- Shopping Bag ( 0 items )
In Smoking Typewriters, historian John McMillian shows that one answer to these questions can be found in the emergence of a dynamic underground press in the 1960s. Following the lead of papers like the Los Angeles Free Press, the East Village Other, and the Berkeley Barb, ...
In Smoking Typewriters, historian John McMillian shows that one answer to these questions can be found in the emergence of a dynamic underground press in the 1960s. Following the lead of papers like the Los Angeles Free Press, the East Village Other, and the Berkeley Barb, young people across the country launched hundreds of mimeographed pamphlets and flyers, small press magazines, and underground newspapers. New, cheaper printing technologies democratized the publishing process and by the decade's end the combined circulation of underground papers stretched into the millions. Though not technically illegal, these papers were often genuinely subversive, and many of those who produced and sold them-on street-corners, at poetry readings, gallery openings, and coffeehouses-became targets of harassment from local and federal authorities. With writers who actively participated in the events they described, underground newspapers captured the zeitgeist of the '60s, speaking directly to their readers, and reflecting and magnifying the spirit of cultural and political protest. McMillian pays special attention to the ways underground newspapers fostered a sense of community and played a vital role in shaping the New Left's highly democratic "movement culture."
Deeply researched and eloquently written, Smoking Typewriters captures all the youthful idealism and vibrant tumult of the 1960s as it delivers a brilliant reappraisal of the origins and development of the New Left rebellion.
An unusually thoughtful account of the in-your-face underground press of the 1960s and its role in fomenting a decade of youth revolt.
McMillian (History/Georgia State Univ.;co-editor: Protest Nation: Words that Inspired a Century of American Radicalism, 2010, etc.) immersed himself in Bell & Howell's Underground Press Collection on microfilm to write this readable, richly detailed study of the hundreds of anti-establishment 1960s newspapers—from theLos Angeles Free Press to Rag (Austin, Texas) and The Paper (East Lansing, Mich.)—that "educated, politicized and built communities among disaffected youths in every region of the country." Edited by young radicals, filled with heated prose and muckraking by reporters who were engaged in the events they covered and made possible by inexpensive new printing technologies, these brash, often amateurishly produced, grassroots publications helped unite revolutionaries and bohemians and played a seldom-acknowledged key role in fostering the protest culture of the '60s. Sympathetic but fair, McMillian points out the aesthetic and intellectual shortcomings of these often-salacious publications even as he traces their astonishing success at reflecting the democratic sensibilities of '60s youths. The author provides numerous sharp portraits: Art Kunkin, half-Marxist, half-hippie founder of theLA Free Press(the "Freep"), and his superior coverage of antiwar activities and the 1965 Watts riot;Ray Mungo and Marshall Bloom, founders of the Liberation News Service, which issued weekly packets of political news and analysis from an urban commune; and the legendary John Wilcock, a founder of the Underground Press Syndicate. The chapter on the papers' role in spreading rumors about getting high on "banana joints" is a hoot. In 1968, the FBI began compiling information on underground papers. Federal and local authorities busted underground journalists for obscenity or drugs; intimated the landlords, advertisers and printers; and hassled their street vendors. By decade's end, most underground papers ceased publication. In their wake, they left a bevy of lifestyle-heavy alternative publications like the Chicago Reader and Washington City Paper.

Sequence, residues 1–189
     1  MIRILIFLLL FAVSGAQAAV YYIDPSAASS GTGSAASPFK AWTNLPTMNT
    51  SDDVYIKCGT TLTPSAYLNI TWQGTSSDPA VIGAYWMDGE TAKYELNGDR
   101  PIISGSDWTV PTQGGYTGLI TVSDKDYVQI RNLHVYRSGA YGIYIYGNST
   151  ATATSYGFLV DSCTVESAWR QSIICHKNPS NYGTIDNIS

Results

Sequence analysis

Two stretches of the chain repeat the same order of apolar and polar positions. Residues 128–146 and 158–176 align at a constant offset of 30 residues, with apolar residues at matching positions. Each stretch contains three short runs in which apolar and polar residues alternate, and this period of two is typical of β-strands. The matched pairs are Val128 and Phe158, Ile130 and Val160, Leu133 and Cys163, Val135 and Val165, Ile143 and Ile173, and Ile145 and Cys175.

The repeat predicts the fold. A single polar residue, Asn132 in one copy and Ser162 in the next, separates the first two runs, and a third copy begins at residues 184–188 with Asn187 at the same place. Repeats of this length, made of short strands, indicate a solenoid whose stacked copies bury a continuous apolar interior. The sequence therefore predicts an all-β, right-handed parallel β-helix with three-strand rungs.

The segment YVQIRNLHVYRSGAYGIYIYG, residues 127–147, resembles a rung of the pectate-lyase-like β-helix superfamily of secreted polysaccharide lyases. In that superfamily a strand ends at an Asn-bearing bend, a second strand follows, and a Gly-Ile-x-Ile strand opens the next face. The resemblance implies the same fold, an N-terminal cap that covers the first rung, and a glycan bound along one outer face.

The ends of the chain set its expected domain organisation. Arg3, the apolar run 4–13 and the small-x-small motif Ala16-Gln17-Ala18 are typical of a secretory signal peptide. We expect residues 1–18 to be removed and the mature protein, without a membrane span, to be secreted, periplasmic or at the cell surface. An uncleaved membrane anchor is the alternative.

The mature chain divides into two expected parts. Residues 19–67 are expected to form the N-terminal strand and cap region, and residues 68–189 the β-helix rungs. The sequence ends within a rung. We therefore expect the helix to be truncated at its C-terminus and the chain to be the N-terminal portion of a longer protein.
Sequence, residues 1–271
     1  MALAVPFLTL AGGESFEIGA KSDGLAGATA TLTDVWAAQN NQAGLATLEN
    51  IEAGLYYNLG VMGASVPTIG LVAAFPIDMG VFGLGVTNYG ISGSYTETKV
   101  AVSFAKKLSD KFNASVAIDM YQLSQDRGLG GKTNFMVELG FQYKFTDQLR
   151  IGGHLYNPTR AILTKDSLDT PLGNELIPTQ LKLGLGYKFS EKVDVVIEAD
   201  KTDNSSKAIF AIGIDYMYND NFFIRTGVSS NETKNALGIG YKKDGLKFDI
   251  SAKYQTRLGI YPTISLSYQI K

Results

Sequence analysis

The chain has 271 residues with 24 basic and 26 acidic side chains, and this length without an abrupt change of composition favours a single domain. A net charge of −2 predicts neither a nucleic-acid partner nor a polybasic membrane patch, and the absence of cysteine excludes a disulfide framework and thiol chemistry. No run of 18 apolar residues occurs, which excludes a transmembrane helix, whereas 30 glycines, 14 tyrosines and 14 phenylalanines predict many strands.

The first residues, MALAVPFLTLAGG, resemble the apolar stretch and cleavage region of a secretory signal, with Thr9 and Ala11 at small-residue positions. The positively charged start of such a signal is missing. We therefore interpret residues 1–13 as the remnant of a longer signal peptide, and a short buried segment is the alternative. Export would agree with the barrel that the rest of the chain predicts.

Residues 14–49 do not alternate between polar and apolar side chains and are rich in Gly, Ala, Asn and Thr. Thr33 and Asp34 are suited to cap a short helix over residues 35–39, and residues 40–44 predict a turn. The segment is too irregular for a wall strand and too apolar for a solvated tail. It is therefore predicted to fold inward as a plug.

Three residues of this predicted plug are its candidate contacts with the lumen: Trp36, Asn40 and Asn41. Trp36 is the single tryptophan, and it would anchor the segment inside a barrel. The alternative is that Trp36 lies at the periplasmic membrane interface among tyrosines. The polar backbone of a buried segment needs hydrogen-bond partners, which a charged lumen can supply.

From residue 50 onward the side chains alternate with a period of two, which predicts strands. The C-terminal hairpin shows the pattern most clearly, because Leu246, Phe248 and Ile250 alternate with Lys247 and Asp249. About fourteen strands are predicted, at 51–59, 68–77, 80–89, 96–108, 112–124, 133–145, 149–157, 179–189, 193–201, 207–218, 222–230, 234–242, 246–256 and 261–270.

A welcome book on the '60s—a nostalgia trip for those who were there and a vivid work of history for anyone curious about the journalism that jolted a decade.
Introduction Chapter One: "Our Founder, the Mimeograph Machine": Print Culture in Students for a Democratic Society Chapter Two: "A Hundred Blooming Papers": Culture and Community in the 1960s Underground Press Chapter Three: "Electrical Bananas": The Underground Press and the Great Banana Hoax Chapter Four: "All the Protest Fit to Print": The Rise of Liberation News Service Chapter Five: "Either We Have Freedom of the Press or We Don't Have Freedom of the Press": The War against Underground Newspapers Chapter Six: "Questioning Who Decides": Participatory Democracy in the Underground Press Chapter Seven: "From Underground to Everywhere": Alternative Media Trends Since the Sixties Afterword Notes Bibliography